Everybody remembers the Power Rangers. It was a staple of after-school TV programming, and pretty much every kid who grew up in the '90s watched the show religiously. There were teenagers, giant robots, monsters and aliens - what 10-year-old kid wouldn't love that?
Of course, it was all extremely family-friendly: sparks would fly when a monster got cut in half, nobody ever got seriously hurt and that stupid little robot would make a pun at the end of every episode. It was as harmless as a show about giant robots fighting monsters from the moon could be...and it was awesome.
So, what if you took all of that and threw it out the window? What if, instead of wholesome, family-friendly Power Rangers, the show took place in a post-apocalyptic alternate future? What if there was blood, gore, unnecessarily bad language and gratuitous sexual innuendo?
Right off the bat, it's a stunning fan movie. The CG on display isn't on some insane, Michael Bay-esque level of detail, but what's here is great and does its job well. The ridiculous number of computer displays and neon lights can be a bit much at times, but it goes a long way to sell the over-the-top cyberpunk aesthetic Power/Rangers is going for.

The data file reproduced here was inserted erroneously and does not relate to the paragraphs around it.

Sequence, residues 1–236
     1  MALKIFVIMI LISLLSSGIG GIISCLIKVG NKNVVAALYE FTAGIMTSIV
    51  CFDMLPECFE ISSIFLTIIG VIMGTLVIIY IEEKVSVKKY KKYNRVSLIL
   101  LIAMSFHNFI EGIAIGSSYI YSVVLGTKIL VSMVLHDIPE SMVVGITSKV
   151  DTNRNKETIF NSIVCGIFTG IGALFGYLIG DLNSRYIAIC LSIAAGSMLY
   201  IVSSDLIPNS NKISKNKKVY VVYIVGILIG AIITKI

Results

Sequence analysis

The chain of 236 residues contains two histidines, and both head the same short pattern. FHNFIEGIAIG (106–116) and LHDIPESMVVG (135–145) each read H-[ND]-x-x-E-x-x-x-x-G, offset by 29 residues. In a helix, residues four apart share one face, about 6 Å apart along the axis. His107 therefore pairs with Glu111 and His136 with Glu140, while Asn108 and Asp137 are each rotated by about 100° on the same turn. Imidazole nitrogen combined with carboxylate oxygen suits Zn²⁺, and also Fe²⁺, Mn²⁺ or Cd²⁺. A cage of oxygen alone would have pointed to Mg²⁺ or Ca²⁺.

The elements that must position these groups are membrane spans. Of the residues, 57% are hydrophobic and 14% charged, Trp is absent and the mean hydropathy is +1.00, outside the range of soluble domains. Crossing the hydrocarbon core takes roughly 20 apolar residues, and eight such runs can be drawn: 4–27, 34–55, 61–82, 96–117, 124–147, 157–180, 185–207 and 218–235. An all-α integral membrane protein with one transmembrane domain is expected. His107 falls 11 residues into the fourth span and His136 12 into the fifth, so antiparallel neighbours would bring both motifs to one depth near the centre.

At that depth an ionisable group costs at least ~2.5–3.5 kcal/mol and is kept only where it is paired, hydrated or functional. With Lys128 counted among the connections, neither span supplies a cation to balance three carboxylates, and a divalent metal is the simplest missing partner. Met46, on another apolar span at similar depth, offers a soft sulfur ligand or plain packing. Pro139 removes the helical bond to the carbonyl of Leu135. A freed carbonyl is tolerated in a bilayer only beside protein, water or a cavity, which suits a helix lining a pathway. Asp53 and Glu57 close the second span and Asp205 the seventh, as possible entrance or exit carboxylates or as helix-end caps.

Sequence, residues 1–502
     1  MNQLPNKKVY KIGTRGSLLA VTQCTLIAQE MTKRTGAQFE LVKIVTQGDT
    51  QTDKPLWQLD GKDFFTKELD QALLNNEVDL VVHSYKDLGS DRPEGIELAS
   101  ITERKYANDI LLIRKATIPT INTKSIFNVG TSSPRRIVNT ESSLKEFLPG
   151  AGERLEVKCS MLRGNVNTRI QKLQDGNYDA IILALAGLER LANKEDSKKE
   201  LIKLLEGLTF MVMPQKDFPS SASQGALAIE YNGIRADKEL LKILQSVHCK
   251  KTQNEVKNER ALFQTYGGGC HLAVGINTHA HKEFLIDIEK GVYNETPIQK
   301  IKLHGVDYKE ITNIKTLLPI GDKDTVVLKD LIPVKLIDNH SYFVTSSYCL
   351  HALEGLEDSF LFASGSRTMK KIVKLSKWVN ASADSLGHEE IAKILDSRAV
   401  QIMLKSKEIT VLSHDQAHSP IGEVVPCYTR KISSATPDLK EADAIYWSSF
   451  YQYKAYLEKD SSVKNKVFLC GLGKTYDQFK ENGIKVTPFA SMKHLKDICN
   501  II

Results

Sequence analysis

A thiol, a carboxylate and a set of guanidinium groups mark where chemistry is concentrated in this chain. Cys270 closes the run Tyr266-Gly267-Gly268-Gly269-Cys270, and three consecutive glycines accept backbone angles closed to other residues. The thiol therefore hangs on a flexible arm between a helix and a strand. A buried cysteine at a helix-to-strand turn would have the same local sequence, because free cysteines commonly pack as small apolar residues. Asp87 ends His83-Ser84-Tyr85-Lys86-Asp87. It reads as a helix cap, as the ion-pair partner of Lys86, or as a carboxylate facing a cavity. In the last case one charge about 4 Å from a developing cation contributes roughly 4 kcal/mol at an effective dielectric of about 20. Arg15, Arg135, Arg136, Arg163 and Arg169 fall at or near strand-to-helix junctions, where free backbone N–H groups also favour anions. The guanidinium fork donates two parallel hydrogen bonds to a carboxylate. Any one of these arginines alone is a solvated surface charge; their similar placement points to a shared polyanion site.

Few people probably would have expected a Terminator-like post-apocalypse to work so well with the Power Rangers, and while it's not exactly the most original setting, it works well with what the film sets out to do. It's gritty, dark and exactly the type of atmosphere that Power/Rangers needed.
Granted, it can be a bit much sometimes: the gore in some fight scenes feels really out of place, even with the short's incredibly dark tone. It's not so far gone that people won't be able to watch it, and some will likely get a kick out of it. Either way, it's a lot, even for something that's trying to be ridiculous.
At the end of the day, Power/Rangers is an extremely well-done fan film. It's bizarre, no doubt about that (why exactly is James Van Der Beek in this?), but it's well-executed and extremely fun to watch.
Let's just hope the proper 2016 reboot can find more of a middle ground between kid-friendly playground fun and a dark, hopeless future.